Survey: Almost 80% of businesses expect to be back in the office by September

A new survey by Ibec shows that more than half of businesses said they will place greater focus on employee output rather than presence when offices reopen
Survey: Almost 80% of businesses expect to be back in the office by September

Danny McCoy: Needs to be ‘increased ambition’ in the delivery of infrastructure to support hybrid working. Picture: Julien Behal

Most Irish businesses expect staff to be back in the office by September but to increase the blend of remote and onsite working over the coming years.

More than half said they will place greater focus on employee output rather than presence when offices reopen.

These are among the main findings of a survey by Ibec, the business representative group, as businesses begin preparations for a gradual return to workplaces.

Over a quarter of respondents said they are planning their return to the workplace in line with Government advice or in line with the vaccination programme, almost 30% said they expect to return in September, while 21% said they expect to be fully back in the workplace within three months.

“Therefore, if Government guidelines provide for it, it seems likely that 78% of respondent organisations could be returned to the workplace by September of this year,” said Ibec CEO Danny McCoy.

Hybrid model

“In recent years, we have witnessed emerging trends towards more flexible and remote working. Our survey results confirm that Covid has accelerated this trend, with four out of five respondent companies stating that they will operate a hybrid model of remote and onsite work to a degree when their offices reopen.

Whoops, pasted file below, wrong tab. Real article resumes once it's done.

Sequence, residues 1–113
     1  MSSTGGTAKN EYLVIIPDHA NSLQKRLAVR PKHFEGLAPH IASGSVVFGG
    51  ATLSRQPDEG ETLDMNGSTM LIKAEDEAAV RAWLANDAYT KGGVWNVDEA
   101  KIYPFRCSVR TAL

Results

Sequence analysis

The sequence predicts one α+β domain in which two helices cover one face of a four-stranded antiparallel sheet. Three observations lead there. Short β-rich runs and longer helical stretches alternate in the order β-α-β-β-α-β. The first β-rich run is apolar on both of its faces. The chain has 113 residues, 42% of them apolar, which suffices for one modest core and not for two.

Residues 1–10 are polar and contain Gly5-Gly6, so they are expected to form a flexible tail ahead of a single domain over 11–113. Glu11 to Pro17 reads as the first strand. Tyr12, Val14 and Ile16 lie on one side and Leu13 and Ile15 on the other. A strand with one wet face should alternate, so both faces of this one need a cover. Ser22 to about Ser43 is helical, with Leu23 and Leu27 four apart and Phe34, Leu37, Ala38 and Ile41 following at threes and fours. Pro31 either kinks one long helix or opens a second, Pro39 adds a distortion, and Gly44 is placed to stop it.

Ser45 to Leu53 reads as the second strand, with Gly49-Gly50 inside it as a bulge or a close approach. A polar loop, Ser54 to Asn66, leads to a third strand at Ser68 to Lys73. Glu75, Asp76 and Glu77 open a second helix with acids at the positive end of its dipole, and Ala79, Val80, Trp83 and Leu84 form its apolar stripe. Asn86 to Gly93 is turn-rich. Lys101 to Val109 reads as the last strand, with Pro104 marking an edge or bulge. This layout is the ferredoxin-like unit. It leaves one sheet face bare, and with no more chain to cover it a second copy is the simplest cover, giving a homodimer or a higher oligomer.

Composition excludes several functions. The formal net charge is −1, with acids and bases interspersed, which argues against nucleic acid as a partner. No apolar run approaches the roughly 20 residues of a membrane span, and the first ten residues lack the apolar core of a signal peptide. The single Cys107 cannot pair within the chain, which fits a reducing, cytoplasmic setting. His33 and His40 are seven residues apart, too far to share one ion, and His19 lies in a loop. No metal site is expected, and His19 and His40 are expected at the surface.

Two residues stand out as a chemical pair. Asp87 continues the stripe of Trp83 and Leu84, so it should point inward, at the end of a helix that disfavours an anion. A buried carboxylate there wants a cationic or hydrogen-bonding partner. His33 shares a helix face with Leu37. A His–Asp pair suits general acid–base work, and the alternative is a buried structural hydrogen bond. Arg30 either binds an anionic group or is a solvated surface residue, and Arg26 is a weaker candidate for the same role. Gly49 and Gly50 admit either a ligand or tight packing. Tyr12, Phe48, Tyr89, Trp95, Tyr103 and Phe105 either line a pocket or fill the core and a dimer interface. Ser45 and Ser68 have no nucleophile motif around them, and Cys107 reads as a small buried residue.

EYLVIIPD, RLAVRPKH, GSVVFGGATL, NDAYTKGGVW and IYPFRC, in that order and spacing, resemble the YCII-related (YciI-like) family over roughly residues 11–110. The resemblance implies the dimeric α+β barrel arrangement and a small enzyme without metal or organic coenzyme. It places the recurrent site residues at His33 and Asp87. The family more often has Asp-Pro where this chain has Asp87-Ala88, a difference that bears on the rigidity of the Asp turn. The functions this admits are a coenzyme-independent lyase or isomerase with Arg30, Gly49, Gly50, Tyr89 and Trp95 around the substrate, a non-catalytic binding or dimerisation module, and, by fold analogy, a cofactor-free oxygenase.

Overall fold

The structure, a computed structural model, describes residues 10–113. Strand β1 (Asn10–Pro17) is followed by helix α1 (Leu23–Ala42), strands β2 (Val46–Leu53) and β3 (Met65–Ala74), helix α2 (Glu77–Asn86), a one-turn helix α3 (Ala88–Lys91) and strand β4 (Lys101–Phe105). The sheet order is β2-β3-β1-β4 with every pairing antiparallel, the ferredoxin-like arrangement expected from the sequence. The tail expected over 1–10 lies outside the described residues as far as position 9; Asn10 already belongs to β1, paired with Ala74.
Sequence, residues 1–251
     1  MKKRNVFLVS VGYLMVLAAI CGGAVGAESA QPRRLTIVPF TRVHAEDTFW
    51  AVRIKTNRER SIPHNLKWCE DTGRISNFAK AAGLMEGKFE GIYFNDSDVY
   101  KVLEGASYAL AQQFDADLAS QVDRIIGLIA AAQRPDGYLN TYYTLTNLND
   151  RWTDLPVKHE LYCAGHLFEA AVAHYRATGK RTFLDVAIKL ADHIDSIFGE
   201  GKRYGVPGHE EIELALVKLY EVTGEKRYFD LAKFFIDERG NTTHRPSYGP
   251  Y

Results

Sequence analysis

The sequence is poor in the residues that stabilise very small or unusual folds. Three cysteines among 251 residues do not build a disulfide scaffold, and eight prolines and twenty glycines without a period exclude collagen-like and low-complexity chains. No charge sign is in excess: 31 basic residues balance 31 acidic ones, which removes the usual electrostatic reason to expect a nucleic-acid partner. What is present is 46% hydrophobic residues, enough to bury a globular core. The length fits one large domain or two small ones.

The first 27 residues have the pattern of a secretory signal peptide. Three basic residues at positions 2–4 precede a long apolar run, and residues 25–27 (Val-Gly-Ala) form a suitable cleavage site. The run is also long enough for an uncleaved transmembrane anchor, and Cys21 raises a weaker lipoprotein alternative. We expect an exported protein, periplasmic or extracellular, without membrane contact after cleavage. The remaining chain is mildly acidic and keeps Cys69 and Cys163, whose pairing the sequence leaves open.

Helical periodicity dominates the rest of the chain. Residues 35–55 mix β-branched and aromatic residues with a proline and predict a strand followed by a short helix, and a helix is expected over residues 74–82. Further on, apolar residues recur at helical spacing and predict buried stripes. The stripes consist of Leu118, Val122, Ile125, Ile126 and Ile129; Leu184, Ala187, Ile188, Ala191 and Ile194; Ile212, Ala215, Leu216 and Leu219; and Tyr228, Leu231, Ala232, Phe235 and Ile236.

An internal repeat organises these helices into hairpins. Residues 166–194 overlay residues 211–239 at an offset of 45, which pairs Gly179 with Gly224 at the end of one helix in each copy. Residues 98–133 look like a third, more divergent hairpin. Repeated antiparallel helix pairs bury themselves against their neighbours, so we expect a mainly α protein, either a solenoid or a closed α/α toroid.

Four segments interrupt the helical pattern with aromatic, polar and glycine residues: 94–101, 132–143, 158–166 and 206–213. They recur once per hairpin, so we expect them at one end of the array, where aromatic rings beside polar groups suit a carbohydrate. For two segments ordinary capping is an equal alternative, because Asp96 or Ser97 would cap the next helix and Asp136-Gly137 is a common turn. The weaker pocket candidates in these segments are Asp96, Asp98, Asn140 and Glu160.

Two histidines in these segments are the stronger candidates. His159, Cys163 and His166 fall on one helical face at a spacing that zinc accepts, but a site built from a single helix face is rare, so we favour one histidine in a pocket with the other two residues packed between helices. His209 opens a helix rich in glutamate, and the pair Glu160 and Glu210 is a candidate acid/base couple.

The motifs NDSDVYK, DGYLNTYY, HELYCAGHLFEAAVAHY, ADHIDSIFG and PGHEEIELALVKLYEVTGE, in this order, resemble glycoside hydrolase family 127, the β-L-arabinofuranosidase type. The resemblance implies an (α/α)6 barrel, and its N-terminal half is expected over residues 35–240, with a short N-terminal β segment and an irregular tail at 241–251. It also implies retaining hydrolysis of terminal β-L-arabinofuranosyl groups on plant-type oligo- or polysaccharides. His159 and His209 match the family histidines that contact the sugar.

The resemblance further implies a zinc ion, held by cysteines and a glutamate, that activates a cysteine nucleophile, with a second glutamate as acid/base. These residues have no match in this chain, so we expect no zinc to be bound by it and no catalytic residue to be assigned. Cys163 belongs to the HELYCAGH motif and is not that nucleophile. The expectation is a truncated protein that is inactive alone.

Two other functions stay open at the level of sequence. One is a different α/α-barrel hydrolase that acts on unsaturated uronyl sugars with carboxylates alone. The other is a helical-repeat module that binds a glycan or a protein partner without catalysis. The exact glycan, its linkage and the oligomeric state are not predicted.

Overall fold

“15% of respondents will ask all staff to return onsite fully and 4% will keep their staff remote working on a full-time basis."

Mr McCoy said the findings also reaffirm the urgent need for the Government to provide clarity and timelines to support businesses in safely returning staff to the workplace and to help to “reignite collaboration, culture, and confidence in their workforce”.

And with almost 74% of respondents saying that the use of hybrid working will increase over the next two to three years, Mr McCoy said there needs to be "increased ambition" in the delivery of necessary infrastructure such as remote working hubs, alignment with childcare facilities, and the national broadband plan.

“As swift a return as possible to office work is also vital in order to preserve the future of the many ‘experience economy’ businesses in our towns and cities that rely on office worker footfall for their survival,” he said.

Others findings show that half of respondents will limit business travel both locally and internationally initially, 45% plan to stagger employee teams to ensure social distancing, and 70% plan to adopt new ways of working to facilitate flexibility.

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